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Cuckoos in the Nest
 
Michael Ubaldi, July 1, 2003.
 

The difficult days we knew the Allies would encounter are frustrating, though not necessarily for the reasons suggested by cynical opinion columnists:

A huge blast in the courtyard of a mosque in Fallujah killed five Iraqis late Monday night, prompting locals to declare that the U.S. had bombed the building. American troops at the scene said instead that a hidden ammunition dump appeared to have blown up.

[...]

By Tuesday morning about a dozen Iraqis remained, looking through the rubble for pieces of metal they said would prove the Americans had attacked the mosque. "These are pieces of a missile," said Aqeel Ibrahim Ali, 26, holding out a box filled with metal shards. "An airplane shot a missile."


Aqeel and his bosses, the group who stepped up to accuse American forces for the blast whose ignition they obviously oversaw, are in the business of terror and mayhem; whether they're Ba'athists, employees of Tehran's homicidal meddlings or simply common louts on the streets with chaos to propound, they seek to disrupt the lives of people traumatized for decades.

A thought: was Aqeel part of the scheme to begin with or was he cajoled into playing a part? Or threatened?

The Allies will move to succeed in their tasks. Unfortunately, the well-being and complete reconstruction of Iraq depends on its population to rise to the challenge of defending their country from outside influence and offer their irreplaceable contribution to law and order. Fear under Saddam was the stuff of miserable life, yes, but it can no longer dictate the actions of the Iraqi people. Gangs must be reported, troublemakers cornered, flimsy tales and misbegotten protests challenged. A society's ability to shame mischief and reward selflessness is best not forgotten. For all the foreign money and manpower in a country undergoing democratization, only its native citizenry can preserve moral and ethical integrity.

This will take time; even Japan, which, militarist swoon notwithstanding, possessed a traditionally strong cultural ethos, fell into what it rightly considered to be utter moral debasement and incivility. 1948, three years into Allied occupation, was in fact the height of lawlessness, murder, corruption, licentiousness and faithlessness. Despair nearly became an integral part of contemporary Japanese culture. From Jiro Osagari's Homecoming, excerpted in William Chapman's Inventing Japan:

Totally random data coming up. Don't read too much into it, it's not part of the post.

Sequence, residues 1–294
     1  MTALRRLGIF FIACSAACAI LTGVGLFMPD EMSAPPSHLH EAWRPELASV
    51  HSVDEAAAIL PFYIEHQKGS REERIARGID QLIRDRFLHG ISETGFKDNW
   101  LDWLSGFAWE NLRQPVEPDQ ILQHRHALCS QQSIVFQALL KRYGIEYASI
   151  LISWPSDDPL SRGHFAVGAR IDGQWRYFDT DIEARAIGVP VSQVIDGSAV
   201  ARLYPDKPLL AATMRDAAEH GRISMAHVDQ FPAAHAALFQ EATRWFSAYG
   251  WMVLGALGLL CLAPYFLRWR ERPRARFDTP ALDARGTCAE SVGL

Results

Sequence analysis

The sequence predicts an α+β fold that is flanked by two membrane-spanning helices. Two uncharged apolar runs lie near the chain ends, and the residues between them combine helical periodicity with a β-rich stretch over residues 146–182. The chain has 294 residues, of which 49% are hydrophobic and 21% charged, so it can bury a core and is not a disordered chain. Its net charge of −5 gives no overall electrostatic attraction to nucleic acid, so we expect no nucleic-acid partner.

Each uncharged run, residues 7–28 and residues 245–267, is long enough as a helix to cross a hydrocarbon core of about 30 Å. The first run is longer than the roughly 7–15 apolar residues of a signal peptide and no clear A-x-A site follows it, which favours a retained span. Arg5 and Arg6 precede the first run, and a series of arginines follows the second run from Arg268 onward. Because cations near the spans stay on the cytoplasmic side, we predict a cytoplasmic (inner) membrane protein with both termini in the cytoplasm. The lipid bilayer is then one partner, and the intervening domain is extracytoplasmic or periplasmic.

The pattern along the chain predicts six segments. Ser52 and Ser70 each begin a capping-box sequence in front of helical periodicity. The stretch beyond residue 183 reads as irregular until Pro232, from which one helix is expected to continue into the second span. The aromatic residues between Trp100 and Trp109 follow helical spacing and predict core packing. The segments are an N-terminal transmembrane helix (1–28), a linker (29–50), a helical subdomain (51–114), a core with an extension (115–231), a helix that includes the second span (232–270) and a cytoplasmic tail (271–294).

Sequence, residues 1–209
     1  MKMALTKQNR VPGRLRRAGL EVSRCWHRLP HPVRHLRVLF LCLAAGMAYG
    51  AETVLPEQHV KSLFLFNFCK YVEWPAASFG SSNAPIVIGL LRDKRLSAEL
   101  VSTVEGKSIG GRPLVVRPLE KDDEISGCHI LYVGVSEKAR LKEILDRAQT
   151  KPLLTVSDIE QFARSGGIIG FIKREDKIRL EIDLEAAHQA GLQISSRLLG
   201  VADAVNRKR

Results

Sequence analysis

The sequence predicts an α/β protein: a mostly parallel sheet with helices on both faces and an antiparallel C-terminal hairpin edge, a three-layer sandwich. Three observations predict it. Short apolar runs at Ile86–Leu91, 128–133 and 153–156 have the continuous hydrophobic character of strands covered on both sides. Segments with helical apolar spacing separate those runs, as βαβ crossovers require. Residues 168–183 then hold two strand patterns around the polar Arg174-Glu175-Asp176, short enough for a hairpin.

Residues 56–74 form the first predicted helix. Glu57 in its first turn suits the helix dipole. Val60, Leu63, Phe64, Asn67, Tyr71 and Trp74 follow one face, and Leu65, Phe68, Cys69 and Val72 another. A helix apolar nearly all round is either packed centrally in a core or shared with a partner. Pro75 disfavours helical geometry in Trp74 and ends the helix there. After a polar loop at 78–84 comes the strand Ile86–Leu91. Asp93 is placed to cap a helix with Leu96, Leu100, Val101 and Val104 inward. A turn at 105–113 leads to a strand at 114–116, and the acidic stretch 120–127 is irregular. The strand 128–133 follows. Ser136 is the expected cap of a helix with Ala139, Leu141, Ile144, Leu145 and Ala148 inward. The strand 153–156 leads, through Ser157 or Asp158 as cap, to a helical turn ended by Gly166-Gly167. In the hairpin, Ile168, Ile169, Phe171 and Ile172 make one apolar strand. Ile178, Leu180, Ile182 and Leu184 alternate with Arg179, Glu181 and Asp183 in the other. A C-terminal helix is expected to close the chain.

[Protagonist] Kyogo couldn't forget the [protest] broadcast. It showed him how much of the grace had gone out of Japanese life. Nowadays, poverty had only an evil effect, even on Japanese. It had made everyone terribly impatient. Post-war Japan was really a desert. The young were devoid of subtlety - as one might expect of a generation stripped of its past.


Chapman explains how, predictably, the book's twinkles of hope come only from the past - the past seen everywhere in the present to be lost and unattainable for the future. Appealed to by a friend with an analgesic, Chinese adage, "The sun sets and the myriad aimless movements cease," Kyogo answers bitterly:

But Ushigi - it's still aimless movement. The state is dead but the aimless movement hasn't ceased. Is there anyone in Japan who lives in accordance with his own definite opinions? That's what I wonder about. It's a narrow land. And the people - they're so poor, so terribly poor. There's no room to dream, no leeway. The Japanese can only work up enough courage to grab somebody's leg and beg for food. A pathetic people.


In their stories, Osagari and his contemporaries birthed maudlin chroniclers that lived and, happily, died as Japan gradually withdrew from the nightmare of moral and industrial collapse. We should take from this historical parallel two points. First, the troubles of post-war Japan must not be taken lightly: suffering and confusion of the Iraq people will be at once unique in its aesthetics - the evil of regionally cultural anarchists and terrorists - and universal in its effect - potentially paralytic vitiation. The country will most likely remain dangerously uncertain of its course and worth for some time. But, second, and more encouraging, is the record of Japan's transcendence. While all nations walk in their own Valley of the Shadow of Death, every one is capable of defeating their worst imperfections.

The Allies will be a source of endless logistics and guidance, if only those resources can be utilized by Iraqis. To this, all that is needed is patience and perseverance and faith.